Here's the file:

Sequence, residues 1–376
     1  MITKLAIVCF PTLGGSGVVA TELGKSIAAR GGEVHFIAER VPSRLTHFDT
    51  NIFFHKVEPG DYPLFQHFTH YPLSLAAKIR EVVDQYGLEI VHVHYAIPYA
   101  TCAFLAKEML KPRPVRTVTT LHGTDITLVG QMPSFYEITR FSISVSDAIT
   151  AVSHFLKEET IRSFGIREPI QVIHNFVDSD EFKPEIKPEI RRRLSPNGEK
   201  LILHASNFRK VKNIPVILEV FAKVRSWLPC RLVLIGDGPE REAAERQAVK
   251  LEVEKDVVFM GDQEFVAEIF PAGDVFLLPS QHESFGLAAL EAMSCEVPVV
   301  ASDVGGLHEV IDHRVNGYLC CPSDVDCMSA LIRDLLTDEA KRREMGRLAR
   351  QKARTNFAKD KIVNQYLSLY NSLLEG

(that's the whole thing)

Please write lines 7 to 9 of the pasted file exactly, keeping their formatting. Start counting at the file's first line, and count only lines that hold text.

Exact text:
   251  LEVEKDVVFM GDQEFVAEIF PAGDVFLLPS QHESFGLAAL EAMSCEVPVV
   301  ASDVGGLHEV IDHRVNGYLC CPSDVDCMSA LIRDLLTDEA KRREMGRLAR
   351  QKARTNFAKD KIVNQYLSLY NSLLEG